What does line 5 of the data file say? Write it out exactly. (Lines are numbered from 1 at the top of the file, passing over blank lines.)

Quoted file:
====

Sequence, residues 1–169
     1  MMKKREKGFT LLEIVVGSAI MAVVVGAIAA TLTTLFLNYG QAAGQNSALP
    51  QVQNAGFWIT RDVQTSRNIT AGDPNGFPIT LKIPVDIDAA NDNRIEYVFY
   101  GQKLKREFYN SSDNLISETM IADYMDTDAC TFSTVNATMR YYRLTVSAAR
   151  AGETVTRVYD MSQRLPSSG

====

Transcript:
   151  AGETVTRVYD MSQRLPSSG